To prove the Low Volatility effect exists outside of the academic realm, we have conducted our own performance study using the RiskRatings across UK securities back to April 2013. We calculated RiskRatings on December 31st each year and constructed equally weighted portfolios of all shares with a greater than £10m market cap at the time. The portfolio performances were tracked for the year and then the portfolios were rebalanced with new RiskRatings.
We can draw the following insights:
These insights completely back up the findings from the academic research literature into the Low Volatility Anomaly.
Markets tend to swing between what are known as “Risk on” and “Risk off” periods. While Conservative/Balanced stocks may outperform over the longer term, portfolios of these stocks will likely considerably underperform speculative shares in bullish market periods.
Most investors looking at the above performance chart may say to themselves "Conservative stocks win out so I'll just buy conservative stocks". While this may be a great long term strategy, one has to consider how such an investor would be feeling if he'd bought a Conservative portfolio at the beginning of a 'risk-on' period (such as 2016 ) and held for 18 months... have a look at this chart:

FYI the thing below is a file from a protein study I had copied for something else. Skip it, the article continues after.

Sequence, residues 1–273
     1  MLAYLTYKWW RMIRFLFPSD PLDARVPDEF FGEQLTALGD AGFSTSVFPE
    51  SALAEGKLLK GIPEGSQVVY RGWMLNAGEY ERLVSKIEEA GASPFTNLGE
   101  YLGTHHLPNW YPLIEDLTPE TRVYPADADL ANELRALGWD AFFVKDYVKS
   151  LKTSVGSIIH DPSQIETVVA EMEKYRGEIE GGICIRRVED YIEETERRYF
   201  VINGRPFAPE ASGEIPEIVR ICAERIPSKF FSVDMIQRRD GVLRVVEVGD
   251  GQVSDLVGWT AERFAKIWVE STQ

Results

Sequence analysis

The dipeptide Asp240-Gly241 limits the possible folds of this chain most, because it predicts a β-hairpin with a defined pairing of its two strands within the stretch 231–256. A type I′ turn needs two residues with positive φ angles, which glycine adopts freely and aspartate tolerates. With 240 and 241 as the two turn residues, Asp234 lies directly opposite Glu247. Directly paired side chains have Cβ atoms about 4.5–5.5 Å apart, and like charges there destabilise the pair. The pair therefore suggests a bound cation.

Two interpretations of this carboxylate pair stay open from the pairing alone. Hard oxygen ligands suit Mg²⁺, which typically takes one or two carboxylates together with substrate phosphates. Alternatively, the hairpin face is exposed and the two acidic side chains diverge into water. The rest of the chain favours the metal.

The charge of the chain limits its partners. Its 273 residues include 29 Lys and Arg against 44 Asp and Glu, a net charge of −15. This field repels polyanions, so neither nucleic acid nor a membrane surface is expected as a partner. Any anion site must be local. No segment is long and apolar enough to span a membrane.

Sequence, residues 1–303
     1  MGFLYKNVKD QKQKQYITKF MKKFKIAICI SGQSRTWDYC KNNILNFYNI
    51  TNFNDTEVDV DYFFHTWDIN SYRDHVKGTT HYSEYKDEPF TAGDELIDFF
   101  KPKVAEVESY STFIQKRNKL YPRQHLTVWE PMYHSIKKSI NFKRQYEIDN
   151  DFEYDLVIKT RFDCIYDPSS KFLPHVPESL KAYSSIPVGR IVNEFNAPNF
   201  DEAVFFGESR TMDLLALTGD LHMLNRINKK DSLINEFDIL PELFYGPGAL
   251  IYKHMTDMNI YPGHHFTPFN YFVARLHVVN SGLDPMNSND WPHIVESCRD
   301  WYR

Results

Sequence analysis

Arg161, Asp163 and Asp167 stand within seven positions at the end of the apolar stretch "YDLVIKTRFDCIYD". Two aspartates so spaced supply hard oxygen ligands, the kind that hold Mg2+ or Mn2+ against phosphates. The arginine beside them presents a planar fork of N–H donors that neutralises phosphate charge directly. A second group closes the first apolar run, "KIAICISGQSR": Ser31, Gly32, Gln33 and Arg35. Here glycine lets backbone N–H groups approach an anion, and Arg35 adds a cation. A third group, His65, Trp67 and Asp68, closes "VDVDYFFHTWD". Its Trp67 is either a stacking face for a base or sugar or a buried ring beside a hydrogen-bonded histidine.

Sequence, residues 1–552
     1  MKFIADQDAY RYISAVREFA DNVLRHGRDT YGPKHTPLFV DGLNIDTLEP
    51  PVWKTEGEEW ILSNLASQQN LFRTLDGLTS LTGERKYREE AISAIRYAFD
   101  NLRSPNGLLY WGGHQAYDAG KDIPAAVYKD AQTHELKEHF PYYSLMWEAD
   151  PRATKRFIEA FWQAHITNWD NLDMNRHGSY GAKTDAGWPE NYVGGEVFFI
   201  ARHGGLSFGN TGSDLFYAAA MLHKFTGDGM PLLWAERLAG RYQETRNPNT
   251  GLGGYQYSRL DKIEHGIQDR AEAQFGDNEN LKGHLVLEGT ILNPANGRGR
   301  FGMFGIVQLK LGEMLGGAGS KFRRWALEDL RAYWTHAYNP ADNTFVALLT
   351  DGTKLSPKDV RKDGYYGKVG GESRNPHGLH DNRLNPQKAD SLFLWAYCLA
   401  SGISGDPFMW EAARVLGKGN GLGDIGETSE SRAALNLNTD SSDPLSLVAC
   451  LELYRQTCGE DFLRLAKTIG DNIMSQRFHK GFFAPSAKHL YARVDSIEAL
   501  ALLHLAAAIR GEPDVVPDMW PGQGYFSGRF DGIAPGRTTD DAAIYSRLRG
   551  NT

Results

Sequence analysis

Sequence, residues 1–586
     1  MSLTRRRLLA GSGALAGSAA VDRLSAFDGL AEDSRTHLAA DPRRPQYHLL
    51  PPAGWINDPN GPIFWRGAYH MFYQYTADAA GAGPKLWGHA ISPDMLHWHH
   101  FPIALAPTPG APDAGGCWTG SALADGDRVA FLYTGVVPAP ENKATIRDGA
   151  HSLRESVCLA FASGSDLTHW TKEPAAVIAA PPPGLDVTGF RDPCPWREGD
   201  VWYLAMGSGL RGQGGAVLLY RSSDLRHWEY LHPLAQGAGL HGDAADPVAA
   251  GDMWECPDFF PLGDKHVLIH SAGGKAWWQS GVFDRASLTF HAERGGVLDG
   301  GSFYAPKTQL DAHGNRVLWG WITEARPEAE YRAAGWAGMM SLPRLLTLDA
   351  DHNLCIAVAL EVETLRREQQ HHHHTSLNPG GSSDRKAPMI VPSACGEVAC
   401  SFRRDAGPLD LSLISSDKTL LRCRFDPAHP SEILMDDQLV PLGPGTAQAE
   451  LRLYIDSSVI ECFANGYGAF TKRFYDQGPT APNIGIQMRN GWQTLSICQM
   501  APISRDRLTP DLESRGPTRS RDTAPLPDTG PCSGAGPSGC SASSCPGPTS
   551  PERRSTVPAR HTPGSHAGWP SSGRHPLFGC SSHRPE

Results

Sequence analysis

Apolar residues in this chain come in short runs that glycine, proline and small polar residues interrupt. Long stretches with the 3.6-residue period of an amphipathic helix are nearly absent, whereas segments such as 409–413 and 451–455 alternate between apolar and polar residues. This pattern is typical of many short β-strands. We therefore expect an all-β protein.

When all your friends are making a fortune in speculative shares it can be very hard to stick to your guns in a conservative strategy. Our experience suggests that many will throw in the towel right at the time that speculative shares hit the top of the cycle. Drastic underperformance of these segments in risk off markets often leads to great financial pressure.
As markets are unpredictable, and temporary underperformance can feel unbearable to many, constructing an all-weather portfolio may minimise the risk of both long term and short term underperformance. The simplest way to do this is to build a portfolio diversified across the RiskRatings.